Taking cues from famous directors such as KinjiFukasaku, Woody Allen, and Sam Peckinpah, Tarantino speaks the language of cinema fluidly. Consider the standoff from the sequence in Reservoir Dogs that is very similar to the sequence in The Taking of Pelham 1 2 3. Or the references to Godard’s Contempt in the scenes of Pulp Fiction whereBruce Willis and his wife are mingling in the bathroom. Or the scene where Uma Thurman gets maced in the eye, which coyly evokes the infamous eye-gouge scene from Lucio Fulci’sZombi 2 (1979). Or even the references to Russ Meyer’s Faster, Pussycat! Kill, Kill(1965)in Death Proof (2007).

Those who are quick to deride Tarantino on the grounds that his work is derivative are missing the whole point. All art is imitation, and nothing is born of nothing. Tarantino takes all the fragments of everything that stimulates him, and uses them towards his own ends as a filmmaker. What it means, ultimately, is that his films are reflections of what is meaningful to him. He doesn’t select music, for instance, on the basis that he’s exploiting the popularity of current recording artists. His movies are labors of passion first and foremost, but he has still had strong box-office performances, consistently.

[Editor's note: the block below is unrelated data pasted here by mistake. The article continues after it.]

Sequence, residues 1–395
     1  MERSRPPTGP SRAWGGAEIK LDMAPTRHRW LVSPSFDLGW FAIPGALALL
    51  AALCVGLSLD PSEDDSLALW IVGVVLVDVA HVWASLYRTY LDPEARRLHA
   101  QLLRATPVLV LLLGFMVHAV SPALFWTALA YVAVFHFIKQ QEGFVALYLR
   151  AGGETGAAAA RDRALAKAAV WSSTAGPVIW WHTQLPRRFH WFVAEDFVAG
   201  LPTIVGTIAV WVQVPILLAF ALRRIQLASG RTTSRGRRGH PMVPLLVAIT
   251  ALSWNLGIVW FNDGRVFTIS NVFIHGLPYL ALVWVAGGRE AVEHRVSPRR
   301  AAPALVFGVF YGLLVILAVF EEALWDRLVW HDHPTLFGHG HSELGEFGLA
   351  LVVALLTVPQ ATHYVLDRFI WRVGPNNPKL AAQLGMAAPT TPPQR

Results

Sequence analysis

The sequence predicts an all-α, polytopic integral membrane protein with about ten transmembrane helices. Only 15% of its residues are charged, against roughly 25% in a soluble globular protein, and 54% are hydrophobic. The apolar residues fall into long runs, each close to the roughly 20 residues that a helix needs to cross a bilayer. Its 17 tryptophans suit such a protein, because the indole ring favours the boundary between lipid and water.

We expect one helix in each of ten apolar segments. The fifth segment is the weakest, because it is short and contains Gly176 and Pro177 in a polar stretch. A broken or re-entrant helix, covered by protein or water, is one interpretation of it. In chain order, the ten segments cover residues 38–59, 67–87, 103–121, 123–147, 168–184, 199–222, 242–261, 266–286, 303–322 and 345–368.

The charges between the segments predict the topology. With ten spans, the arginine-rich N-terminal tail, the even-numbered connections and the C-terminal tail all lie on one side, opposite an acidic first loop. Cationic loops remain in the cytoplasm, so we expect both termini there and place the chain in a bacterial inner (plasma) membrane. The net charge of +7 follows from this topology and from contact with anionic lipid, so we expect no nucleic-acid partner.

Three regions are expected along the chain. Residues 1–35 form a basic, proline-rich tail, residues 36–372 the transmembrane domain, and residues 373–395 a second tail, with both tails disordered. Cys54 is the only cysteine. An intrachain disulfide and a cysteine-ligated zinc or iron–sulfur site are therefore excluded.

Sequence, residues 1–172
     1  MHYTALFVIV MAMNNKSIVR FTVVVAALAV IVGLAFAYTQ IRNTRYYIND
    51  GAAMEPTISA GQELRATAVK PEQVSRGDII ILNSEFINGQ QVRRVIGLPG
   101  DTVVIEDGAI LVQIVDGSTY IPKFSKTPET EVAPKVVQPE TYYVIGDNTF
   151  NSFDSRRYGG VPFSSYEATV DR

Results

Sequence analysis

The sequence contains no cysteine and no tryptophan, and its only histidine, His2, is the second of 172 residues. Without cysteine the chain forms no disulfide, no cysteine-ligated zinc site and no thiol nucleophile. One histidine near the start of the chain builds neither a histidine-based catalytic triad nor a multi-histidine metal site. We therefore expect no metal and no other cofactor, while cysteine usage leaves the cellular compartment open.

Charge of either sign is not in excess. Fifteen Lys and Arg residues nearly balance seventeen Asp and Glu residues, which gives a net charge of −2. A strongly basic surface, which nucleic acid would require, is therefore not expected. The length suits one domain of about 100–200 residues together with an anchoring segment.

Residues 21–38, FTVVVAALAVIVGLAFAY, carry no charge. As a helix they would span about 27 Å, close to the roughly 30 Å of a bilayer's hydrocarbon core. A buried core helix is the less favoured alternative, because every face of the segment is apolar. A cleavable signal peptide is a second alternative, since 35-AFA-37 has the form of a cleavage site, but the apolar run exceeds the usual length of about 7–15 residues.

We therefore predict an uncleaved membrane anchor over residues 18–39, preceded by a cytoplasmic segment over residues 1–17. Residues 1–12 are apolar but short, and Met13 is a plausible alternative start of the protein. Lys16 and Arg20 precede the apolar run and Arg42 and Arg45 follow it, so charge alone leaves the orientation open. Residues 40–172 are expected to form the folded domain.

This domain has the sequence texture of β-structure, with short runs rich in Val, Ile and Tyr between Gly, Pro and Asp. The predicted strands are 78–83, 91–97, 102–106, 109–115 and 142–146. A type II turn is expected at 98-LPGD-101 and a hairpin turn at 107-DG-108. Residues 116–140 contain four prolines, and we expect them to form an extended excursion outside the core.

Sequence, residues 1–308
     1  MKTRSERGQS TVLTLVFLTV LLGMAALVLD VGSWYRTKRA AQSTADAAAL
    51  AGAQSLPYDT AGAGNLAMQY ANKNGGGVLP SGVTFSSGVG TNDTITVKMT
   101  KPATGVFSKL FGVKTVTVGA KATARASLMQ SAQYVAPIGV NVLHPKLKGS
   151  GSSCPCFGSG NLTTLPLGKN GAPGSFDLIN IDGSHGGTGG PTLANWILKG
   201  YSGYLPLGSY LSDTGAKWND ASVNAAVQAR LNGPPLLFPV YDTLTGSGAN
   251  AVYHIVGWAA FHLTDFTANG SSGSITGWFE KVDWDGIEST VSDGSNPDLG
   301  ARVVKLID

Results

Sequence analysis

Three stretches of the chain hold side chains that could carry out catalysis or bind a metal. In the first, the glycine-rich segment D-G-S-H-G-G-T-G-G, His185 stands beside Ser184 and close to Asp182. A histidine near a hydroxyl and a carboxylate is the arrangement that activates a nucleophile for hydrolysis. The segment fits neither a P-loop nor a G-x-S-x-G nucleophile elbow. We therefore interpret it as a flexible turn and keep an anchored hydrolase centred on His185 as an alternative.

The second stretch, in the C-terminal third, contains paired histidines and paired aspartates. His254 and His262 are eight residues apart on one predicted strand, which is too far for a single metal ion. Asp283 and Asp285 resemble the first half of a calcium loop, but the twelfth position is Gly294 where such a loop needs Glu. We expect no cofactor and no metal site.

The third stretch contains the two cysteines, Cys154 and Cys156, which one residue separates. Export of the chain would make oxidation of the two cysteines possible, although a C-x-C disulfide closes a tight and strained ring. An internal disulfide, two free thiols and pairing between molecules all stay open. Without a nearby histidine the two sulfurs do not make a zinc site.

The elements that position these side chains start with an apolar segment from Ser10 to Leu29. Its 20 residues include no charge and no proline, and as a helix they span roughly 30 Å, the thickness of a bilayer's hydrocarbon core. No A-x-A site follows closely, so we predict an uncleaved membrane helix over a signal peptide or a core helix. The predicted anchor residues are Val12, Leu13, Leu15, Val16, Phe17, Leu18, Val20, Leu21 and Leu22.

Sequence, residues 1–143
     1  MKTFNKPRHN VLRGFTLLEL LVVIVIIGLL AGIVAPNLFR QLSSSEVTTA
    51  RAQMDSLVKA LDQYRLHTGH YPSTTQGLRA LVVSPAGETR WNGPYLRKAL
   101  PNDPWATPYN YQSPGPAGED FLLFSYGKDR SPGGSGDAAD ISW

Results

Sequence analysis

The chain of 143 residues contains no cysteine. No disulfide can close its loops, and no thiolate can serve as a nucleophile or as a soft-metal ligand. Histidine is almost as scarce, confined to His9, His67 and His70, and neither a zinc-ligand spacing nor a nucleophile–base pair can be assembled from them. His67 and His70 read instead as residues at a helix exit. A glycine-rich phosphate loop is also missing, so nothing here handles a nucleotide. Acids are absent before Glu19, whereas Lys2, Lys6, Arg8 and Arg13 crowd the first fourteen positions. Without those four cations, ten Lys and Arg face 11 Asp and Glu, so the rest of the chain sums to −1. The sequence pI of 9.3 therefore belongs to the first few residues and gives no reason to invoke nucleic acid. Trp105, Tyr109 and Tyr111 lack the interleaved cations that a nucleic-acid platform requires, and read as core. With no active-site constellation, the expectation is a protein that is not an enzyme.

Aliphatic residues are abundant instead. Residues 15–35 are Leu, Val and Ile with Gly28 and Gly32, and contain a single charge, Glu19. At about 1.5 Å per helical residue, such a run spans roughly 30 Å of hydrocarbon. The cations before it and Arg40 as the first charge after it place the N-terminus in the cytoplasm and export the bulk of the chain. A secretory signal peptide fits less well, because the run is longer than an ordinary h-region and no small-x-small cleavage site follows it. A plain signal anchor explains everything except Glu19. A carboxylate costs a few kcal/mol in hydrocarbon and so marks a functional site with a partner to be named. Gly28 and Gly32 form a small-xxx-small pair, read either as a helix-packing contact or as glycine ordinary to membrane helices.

His recent interview with his protege Robert Rodriguez on El Rey (details here) revealed the fact that Tarantino wants to leave the world an impeccable filmography, and its likely that he will stop making films after he turns 60. Whether or not he ultimately makes good on this claim remains to be seen. What we can say now, confidently, is that if Tarantino were to hang it up now, he would still the leave a world one extraordinary cinematic legacy.